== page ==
(Cheers and applause)
TERENCE SMITH: From the early days in New Hampshire to here in the California primary, John McCain's campaign has thrived on the oxygen of free-media press coverage. In Los Angeles, he interrupted his campaigning to tape an edition of the MSNBC political talk show, "Hardball" here at the University of Southern California campus.
SEN. JOHN McCAIN: We want to be a big party. We want to reach out to these young people; we want them with us. We want them to be part of this great experiment. That's what this campaign is all about.
TERENCE SMITH: That same relentless pursuit of free media led both Republicans to attempt some humor on the late-night talk shows.
DAVID LETTERMAN: I know that campaigning is difficult work. How do you look so youthful and rested?
GOV. GEORGE W. BUSH: Fake it.
DAVID LETTERMAN: And that's pretty much how you're going to run the country?
JAY LENO: You consider yourself a confrontational guy?
SEN. JOHN McCAIN: Not at all. Every year in the Senate I win Miss Congeniality. It's usually a unanimous vote.
TERENCE SMITH: Bill Bradley, who once joked that he'd have to rob a bank to get the media's attention, even took to calling reporters on Al Gore's campaign bus. Exceptions to the rule in California include the state's big newspapers, like the Los Angeles Times, which has featured extensive campaign coverage, and that staple of the traffic-clogged Los Angeles area, talk radio. Michael Jackson is a veteran host.
MICHAEL JACKSON: We began with our conversation with Governor George W. Bush of Texas. We heard an extract of the conversation held earlier this morning with Senator McCain. We heard a replay of our conversation with Senator Bill Bradley.
TERENCE SMITH: A crucial component in this primary, and even more in the general election, is the fast-growing California Latino vote. It has doubled in the last decade, and could constitute 15 percent of the total in the fall. Sherry Bebitch Jeffe:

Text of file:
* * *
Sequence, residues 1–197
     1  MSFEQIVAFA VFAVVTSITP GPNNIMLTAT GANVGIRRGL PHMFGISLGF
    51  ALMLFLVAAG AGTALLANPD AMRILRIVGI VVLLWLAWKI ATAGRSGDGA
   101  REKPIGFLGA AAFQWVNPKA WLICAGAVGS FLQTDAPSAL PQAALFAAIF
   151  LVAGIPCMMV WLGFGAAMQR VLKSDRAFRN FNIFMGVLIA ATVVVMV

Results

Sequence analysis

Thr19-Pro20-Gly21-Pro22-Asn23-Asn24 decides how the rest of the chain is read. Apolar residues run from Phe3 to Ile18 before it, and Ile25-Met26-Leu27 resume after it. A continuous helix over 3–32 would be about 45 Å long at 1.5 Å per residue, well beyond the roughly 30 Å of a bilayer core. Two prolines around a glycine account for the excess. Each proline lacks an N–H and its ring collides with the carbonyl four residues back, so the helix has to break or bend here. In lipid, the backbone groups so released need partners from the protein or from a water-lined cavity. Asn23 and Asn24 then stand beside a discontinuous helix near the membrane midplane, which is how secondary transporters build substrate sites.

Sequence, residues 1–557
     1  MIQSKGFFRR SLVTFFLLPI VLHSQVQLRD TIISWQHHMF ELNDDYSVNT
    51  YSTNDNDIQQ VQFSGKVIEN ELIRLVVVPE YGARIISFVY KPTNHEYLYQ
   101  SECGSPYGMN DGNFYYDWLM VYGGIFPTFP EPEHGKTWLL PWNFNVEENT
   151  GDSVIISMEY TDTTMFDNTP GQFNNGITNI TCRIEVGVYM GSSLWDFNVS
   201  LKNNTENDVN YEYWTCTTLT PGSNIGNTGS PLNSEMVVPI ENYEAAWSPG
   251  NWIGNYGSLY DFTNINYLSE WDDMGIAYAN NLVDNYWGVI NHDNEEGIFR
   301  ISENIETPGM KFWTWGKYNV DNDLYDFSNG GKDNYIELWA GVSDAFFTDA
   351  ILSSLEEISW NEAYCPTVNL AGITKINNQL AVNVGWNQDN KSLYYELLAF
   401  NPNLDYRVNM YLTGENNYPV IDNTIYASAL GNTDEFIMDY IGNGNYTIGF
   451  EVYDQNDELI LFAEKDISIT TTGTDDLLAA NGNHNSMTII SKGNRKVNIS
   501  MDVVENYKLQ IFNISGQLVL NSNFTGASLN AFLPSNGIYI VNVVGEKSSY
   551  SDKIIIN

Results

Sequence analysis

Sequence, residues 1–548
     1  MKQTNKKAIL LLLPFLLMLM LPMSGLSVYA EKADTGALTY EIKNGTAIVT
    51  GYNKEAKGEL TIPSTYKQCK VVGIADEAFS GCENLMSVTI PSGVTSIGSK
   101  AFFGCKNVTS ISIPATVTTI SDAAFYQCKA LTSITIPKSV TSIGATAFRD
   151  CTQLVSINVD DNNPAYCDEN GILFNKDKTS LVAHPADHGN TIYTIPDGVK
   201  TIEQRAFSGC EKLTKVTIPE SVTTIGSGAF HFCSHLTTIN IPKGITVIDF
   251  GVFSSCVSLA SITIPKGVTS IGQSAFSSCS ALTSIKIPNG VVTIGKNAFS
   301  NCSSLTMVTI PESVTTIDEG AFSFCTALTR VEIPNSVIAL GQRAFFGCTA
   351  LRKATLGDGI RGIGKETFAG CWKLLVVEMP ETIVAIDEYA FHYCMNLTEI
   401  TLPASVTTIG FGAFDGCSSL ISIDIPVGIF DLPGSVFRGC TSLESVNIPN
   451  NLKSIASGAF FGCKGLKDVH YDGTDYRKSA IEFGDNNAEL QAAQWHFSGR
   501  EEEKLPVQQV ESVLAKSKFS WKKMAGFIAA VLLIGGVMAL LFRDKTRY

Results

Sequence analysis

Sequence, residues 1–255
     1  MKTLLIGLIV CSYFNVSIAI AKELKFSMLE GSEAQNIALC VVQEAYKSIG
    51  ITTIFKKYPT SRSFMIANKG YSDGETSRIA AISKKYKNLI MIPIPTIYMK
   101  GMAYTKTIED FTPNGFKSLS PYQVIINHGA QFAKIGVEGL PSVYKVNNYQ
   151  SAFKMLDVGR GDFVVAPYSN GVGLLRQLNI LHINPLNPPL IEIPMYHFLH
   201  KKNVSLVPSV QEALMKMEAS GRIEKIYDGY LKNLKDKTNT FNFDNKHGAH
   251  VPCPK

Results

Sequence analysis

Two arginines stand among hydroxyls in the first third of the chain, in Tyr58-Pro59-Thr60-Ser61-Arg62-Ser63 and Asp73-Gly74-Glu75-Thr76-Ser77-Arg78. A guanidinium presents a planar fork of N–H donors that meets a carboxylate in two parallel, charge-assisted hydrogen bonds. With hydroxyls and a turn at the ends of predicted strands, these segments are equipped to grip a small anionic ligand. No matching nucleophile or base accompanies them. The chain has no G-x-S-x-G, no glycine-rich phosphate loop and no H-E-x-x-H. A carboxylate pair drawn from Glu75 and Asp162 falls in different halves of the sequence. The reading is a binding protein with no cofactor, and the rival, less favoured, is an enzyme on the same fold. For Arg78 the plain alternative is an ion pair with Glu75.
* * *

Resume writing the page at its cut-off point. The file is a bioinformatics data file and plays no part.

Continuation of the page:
SHERRY BEBITCH JEFFE: Well, this year the Latino voter is the equivalent of the soccer mom. Latino vote will have a significant effect on this primary.
TERENCE SMITH: No surprise, then, that the candidates have made their way to the Los Angeles headquarters of Univision. KMEX, its flagship station, is the No. 1 affiliate in the region, outstripping all the English-language stations. In separate appearances, the candidates demonstrated their varying levels of fluency in Spanish.
(Candidates speaking Spanish.)
And several have run Spanish-language TV ads, the first in a presidential primary. Governor Bush, who attracted 49 percent of the Hispanic vote in his last race in Texas, returned to Univision two weeks ago to conduct a statewide satellite town hall meeting, the first ever by any presidential candidate.
Rosa Maria Villalpando, the political reporter for KMEX, believes all the attention is having an impact on the Latino voter.
ROSA MARIE VILLALPANDO: People are listening. What's out there? The thing I got is that they feel that they are now a part -- they can be a part of the system, and they are listening. They are deciding who's going to be -- who talks better, you know, to their needs?
TERENCE SMITH: Apart from the Latino vote, Sherry Bebitch Jeffe believes this primary has a significance beyond tomorrow's balloting.
SHERRY BEBITCH JEFFE: This blanket primary is as close as we're going to come to a dress rehearsal for November. It is the purest test of the strength of all the major candidates, and that will count for something.
TERENCE SMITH: And it seems that the California public may sense that. State officials are projecting the largest primary turnout in 16 years.